Sets the NTP version number which ntpq claims in packets. Defaults to 3, and note that mode 6 control messages (and modes, for that matter) didn't exist in NTP version 1. There appear to be no servers left which demand version 1. With no argument, displays the current NTP version that will be used when communicating with servers.
Exit ntpq
This command prompts you to type in a password (which will not be echoed) which will be used to authenticate configuration requests. The password must correspond to the key configured for use by the NTP server for this purpose if such requests are to be successful.
Causes all output from query commands is printed as received from the remote server. The only formating/interpretation done on the data is to transform nonascii data into a printable (but barely understandable) form.
timeout milliseconds
Specify a timeout period for responses to server queries. The default is about 5000 milliseconds. Note that since ntpq retries each query once after a timeout, the total waiting time for a timeout will be twice the timeout value set.


-4, --ipv4
Force IPv4 DNS name resolution. This option must not appear in combination with any of the following options: ipv6.
Force DNS resolution of following host names on the command line to the IPv4 namespace.
-6, --ipv6
Force IPv6 DNS name resolution. This option must not appear in combination with any of the following options: ipv4.
Force DNS resolution of following host names on the command line to the IPv6 namespace.
-c cmd, --command=cmd
run a command and exit. This option may appear an unlimited number of times.
The following argument is interpreted as an interactive format command and is added to the list of commands to be executed on the specified host(s).
-d, --debug-level
Increase debug verbosity level. This option may appear an unlimited number of times.
-D number, --set-debug-level=number
Set the debug verbosity level. This option may appear an unlimited number of times. This option takes an integer number as its argument.
-p, --peers
Print a list of the peers. This option must not appear in combination with any of the following options: interactive.
Print a list of the peers known to the server as well as a summary of their state. This is equivalent to the 'peers' interactive command.
-i, --interactive
Force ntpq to operate in interactive mode. This option must not appear in combination with any of the following options: command, peers.
Force ntpq to operate in interactive mode. Prompts will be written to the standard output and commands read from the standard input.
-n, --numeric
numeric host addresses.
Output all host addresses in dotted-quad numeric format rather than converting to the canonical host names.
Always output status line with readvar.
By default, ntpq now suppresses the associd=... line that precedes the output of readvar (alias rv) when a single variable is requested, such as ntpq -c "rv 0 offset". This option causes ntpq to include both lines of output for a single-variable readvar. Using an environment variable to preset this option in a script will enable both older and newer ntpq to behave identically in this regard.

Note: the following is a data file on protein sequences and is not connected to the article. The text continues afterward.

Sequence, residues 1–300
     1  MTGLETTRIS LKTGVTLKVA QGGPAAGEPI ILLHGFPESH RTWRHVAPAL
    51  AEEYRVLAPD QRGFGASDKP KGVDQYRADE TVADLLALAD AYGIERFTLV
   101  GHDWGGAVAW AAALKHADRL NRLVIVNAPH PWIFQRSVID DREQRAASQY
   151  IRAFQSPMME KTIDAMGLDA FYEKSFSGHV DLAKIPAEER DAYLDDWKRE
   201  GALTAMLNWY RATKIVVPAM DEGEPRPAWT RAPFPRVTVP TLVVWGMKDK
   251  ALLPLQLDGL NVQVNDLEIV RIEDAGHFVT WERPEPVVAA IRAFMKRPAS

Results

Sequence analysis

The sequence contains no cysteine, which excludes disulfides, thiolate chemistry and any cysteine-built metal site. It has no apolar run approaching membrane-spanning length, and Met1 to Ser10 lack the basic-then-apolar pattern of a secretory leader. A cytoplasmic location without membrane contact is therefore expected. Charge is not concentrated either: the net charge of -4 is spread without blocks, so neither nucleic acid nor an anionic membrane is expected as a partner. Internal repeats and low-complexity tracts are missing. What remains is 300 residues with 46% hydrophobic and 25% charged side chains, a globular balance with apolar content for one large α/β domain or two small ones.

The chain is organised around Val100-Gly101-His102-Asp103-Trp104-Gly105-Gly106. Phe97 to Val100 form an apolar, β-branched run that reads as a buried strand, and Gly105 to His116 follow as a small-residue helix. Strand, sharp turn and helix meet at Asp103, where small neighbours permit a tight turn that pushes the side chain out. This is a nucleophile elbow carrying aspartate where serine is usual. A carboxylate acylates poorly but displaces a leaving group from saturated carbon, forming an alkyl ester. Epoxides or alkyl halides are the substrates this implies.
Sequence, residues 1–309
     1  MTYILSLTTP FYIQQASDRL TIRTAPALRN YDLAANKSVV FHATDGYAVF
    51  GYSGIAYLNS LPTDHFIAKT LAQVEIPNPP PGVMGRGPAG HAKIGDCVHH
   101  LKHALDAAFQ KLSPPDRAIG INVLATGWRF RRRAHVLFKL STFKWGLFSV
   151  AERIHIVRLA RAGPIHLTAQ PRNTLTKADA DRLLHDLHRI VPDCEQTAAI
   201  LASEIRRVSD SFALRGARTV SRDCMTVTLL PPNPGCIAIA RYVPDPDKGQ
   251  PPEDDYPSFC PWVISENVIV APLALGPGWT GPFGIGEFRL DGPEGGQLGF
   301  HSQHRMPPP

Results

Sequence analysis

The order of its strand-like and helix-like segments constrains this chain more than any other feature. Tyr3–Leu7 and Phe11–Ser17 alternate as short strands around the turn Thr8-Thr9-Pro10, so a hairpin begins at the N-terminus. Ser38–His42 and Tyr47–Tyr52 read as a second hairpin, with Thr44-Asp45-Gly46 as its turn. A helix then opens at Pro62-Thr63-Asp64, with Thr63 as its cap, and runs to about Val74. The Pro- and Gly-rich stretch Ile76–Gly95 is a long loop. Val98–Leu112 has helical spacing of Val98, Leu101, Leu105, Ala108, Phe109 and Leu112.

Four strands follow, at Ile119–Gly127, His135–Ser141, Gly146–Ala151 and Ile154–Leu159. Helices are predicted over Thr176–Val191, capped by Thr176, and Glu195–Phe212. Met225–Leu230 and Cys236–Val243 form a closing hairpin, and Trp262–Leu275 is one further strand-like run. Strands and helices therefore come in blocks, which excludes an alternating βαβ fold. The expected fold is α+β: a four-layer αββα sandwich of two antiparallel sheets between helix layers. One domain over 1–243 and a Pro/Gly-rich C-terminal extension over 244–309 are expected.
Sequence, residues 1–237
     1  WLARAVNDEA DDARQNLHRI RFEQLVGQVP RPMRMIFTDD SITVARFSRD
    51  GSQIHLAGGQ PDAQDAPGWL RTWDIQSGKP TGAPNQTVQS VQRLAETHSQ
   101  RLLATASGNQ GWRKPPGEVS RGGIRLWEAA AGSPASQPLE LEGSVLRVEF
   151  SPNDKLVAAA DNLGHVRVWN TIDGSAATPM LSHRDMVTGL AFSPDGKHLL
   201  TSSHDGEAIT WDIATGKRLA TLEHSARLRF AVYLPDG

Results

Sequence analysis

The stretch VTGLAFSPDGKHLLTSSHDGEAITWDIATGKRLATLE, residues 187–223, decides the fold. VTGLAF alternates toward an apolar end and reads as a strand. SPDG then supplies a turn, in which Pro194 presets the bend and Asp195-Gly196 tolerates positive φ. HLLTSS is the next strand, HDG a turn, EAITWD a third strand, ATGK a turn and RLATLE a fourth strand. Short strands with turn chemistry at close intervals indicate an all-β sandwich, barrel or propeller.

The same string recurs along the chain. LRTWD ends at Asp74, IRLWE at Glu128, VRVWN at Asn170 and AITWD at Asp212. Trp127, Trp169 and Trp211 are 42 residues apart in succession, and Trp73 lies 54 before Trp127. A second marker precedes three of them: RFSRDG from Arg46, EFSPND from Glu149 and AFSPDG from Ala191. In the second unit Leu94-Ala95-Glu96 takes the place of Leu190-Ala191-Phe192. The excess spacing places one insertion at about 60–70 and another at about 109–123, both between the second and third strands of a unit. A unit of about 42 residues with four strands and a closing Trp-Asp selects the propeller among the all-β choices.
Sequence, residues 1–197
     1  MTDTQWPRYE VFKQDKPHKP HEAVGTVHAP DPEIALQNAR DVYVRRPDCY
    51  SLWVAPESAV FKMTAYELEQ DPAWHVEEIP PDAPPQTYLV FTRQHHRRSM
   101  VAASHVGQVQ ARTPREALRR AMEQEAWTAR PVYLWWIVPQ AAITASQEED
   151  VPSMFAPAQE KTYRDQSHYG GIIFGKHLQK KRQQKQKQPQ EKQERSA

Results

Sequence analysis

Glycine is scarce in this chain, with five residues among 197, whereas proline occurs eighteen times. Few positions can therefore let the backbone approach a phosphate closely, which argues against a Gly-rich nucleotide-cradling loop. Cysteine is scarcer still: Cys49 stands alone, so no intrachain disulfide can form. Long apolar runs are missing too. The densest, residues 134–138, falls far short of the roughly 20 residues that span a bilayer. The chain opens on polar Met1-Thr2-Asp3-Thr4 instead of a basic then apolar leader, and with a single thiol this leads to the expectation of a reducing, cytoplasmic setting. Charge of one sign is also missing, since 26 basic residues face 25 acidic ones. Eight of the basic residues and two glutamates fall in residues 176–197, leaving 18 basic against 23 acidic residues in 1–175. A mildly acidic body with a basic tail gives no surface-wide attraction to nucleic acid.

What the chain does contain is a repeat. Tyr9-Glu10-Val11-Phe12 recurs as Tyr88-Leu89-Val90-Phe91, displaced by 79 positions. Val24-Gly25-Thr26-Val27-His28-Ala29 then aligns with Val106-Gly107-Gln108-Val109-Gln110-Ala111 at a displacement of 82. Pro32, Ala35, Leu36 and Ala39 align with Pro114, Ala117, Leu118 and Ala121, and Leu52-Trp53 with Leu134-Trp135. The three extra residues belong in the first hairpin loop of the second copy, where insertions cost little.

-?, --help
Display usage information and exit.
-!, --more-help
Pass the extended usage information through a pager.
-> [cfgfile], --save-opts [=cfgfile]
Save the option state to cfgfile. The default is the last configuration file listed in the OPTION PRESETS section, below. The command will exit after updating the config file.
-< cfgfile, --load-opts=cfgfile, --no-load-opts
Load options from cfgfile. The no-load-opts form will disable the loading of earlier config/rc/ini files. --no-load-opts is handled early, out of order.
--version [{v|c|n}]
Output version of program and exit. The default mode is `v', a simple version. The `c' mode will print copyright information and `n' will print the full copyright notice.


Any option that is not marked as not presettable may be preset by loading values from configuration ("RC" or ".INI") file(s) and values from environment variables named:
NTPQ_<option-name> or NTPQ The environmental presets take precedence (are processed later than) the configuration files. The homerc files are "$HOME", and ".". If any of these are directories, then the file .ntprc is searched for within those directories. cvt_prog='/usr/local/gnu/share/autogen/texi2mdoc' cvt_prog=`cd ̀dirname "$cvt_prog"̀ >/dev/null && pwd
`/`basename "$cvt_prog"` cd $tmp_dir test -x "$cvt_prog" || die "'$cvt_prog' is not executable" {
list='synopsis description options option-presets'
for f in $list ; do cat $f ; echo ; done
rm -f $list name
list='implementation-notes environment files examples exit-status errors
compatibility see-also conforming-to history authors copyright bugs
for f in $list ; do cat $f ; echo ; done > .end-doc
rm -f $list
list=`ls -1 *`' .end-doc'
for f in $list ; do cat $f ; echo ; done
rm -f $list } 1>.doc 2>/dev/null sed -f .cmds .doc | /usr/local/gnu/bin/grep -E -v '^[ ]*$' | $cvt_prog


See OPTION PRESETS for configuration environment variables.


See OPTION PRESETS for configuration files.


One of the following exit values will be returned:
Successful program execution.
The operation failed or the command syntax was not valid.
A specified configuration file could not be loaded.
libopts had an internal operational error. Please report it to Thank you.


The University of Delaware


Copyright (C) 1970-2013 The University of Delaware all rights reserved. This program is released under the terms of the NTP license, <>.


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This manual page was AutoGen-erated from the ntpq option definitions.
December 24 2013 SunOS 5.10